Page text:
3.2. Susceptibility Mapping

Figure 6a shows the susceptibility map obtained by using the best configuration (the one including the parameter “soil sealing aggregation”). Following an approach proposed by [16], the other susceptibility assessments were represented in terms of deviation from the benchmark map: Using a GIS system, the susceptibility maps obtained using ROA, SS, and URB were subtracted from the SSA map. Figure 6b,c,d show the differences, on a pixel-by-pixel basis, in the modelled susceptibility values. In some points, the differences are relevant (maximum overestimation is 0.38 and maximum underestimation is −0.34, as shown in Table 3, but they never reach “extreme values”, as defined by [16]. Moreover, Figure 6 shows that except for an area in the NW sector of the test site, where the SSA-derived susceptibility is generally lower than the others, underestimations and overestimations do not have a systematic spatial pattern: They are not concentrated in some precise zones and they have a “salt and pepper” distribution.
For completeness, a reclassified susceptibility map of the area obtained with the SSA configuration is shown in Figure 7. According to the Italian national regulation on landslide hazards, the susceptibility values were divided into four qualitative classes. To this aim, the well-established [15,66] Jenks method based on natural breaks was used, as it is an objective approach to optimize the data clustering by reducing the variance within classes while maximizing the variance between classes. According to this classification, low susceptibility zones occupy 32% of the study area and moderate, high, and very high zones occupy 32%, 27%, and 10%, respectively (Figure 7a).

4. Discussion

The outcomes of the analyses demonstrated that soil sealing information can have a positive influence in regional-scale landslide susceptibility assessments, but the results are sensitive to the approach used to parametrize soil sealing. Since in Italy soil sealing raw data are characterized by a very fine spatial resolution (10-m pixels) and coarse information (dichotomous classification in sealed and not-sealed pixels), the application to susceptibility models based on wider spatial units requires the derivation of parameters and many approaches could be pursued. In this study, we introduced, tested, and compared four approaches based on four different soil sealing-derived variables.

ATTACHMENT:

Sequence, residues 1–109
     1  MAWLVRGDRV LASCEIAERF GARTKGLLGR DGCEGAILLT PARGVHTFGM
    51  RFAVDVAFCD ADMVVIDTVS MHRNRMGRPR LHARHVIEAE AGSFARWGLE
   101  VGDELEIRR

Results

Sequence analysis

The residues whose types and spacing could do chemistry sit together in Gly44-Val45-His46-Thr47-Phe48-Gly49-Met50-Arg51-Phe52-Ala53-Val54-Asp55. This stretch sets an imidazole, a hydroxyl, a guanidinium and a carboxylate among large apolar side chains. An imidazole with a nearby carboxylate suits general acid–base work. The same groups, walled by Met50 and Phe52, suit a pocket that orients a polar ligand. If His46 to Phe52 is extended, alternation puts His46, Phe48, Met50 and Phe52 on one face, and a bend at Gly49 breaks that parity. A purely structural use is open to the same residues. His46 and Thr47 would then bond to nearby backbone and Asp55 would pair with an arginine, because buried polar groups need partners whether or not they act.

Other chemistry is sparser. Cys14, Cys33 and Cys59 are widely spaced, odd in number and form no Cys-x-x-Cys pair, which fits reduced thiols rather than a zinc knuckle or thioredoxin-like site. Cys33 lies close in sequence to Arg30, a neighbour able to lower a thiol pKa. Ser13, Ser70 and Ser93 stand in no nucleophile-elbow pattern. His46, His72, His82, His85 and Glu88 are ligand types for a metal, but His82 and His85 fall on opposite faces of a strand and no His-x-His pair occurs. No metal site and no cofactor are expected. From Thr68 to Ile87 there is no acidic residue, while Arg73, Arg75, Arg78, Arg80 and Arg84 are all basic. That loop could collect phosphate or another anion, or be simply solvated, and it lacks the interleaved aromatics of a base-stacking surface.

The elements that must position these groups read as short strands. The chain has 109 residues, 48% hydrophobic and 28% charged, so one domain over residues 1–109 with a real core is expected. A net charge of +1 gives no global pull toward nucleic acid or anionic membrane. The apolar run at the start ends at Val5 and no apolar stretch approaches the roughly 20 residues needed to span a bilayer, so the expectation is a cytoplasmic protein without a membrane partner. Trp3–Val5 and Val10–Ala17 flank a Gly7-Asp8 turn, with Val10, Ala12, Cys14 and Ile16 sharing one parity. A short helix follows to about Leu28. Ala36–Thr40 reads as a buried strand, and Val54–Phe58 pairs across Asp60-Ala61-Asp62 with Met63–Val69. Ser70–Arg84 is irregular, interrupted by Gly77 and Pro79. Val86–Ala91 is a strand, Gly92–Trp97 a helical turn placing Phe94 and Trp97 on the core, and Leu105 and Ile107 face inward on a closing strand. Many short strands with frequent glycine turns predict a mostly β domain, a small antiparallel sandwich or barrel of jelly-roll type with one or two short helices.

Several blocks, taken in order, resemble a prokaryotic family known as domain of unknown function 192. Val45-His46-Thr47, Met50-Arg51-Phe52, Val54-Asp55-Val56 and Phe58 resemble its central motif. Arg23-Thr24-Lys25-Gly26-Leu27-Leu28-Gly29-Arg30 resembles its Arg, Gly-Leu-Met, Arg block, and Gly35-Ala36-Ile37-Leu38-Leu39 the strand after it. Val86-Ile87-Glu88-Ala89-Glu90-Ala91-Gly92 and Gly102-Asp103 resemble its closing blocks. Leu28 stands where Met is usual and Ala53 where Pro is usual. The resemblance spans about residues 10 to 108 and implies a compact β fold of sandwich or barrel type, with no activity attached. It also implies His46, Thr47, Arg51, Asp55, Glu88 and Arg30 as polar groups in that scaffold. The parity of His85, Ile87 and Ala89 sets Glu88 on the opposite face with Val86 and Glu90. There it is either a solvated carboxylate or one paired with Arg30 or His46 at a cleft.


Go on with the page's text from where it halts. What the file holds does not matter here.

The best model configuration corresponds to the one that uses the soil sealing aggregation variable, with an AUC value of 0.74 and a higher ranking and OOBE value than other soil sealing-derived parameters. Among the tested variables, SSA includes the most detailed information, with continuous values ranging from 0 to 100 representing the degree of sealing (and thus the degree of anthropogenic “disturbance”) in each 100m * 100m cell used as the spatial unit in the susceptibility analysis. It is worth highlighting that to create this variable, the pixel size was upscaled from 10 (the native resolution of the raw soil sealing map) to 100m, but despite the coarser spatial resolution, the SSA variable had a positive effect in the susceptibility assessment. Indeed, the OOBE is relatively high (similar to other important variables as lithology and land cover) and the derived susceptibility map has an overall accuracy higher than the base configuration.
This outcome is important as it leaves open other possibilities of application with different spatial units like basins or geomorphic units, which, although less common [3], are receiving growing attention [17,67,68].
The configuration encompassing SSA is the only one that returned an AUC higher than 0.70, which is used by some authors as the limit to “good” results [69]. Indeed, in the susceptibility mapping literature, it is common to find even higher AUC values, but the main objective of this work was to assess the sensitivity to soil sealing parameterization and identify some promising parameters derived by ISPRA soil sealing monitoring products. For this reason, only a few morphological and thematic parameters have been used as explanatory variables of the susceptibility model, to avoid that the impact of shadowing of the soil sealing-derived features. It is not excluded that other scholars could use the SSA parameter inside a more complex susceptibility model and to get better results in terms of AUC. For instance, other authors in the same test site obtained an AUC of 0.84 by using a random forest model with 23 explanatory variables [56]. However, even if the SSA-derived map can surely be ameliorated, a fair match between the susceptibility map and the landslide polygons can be observed in several sectors of the area (Figure 7b,c).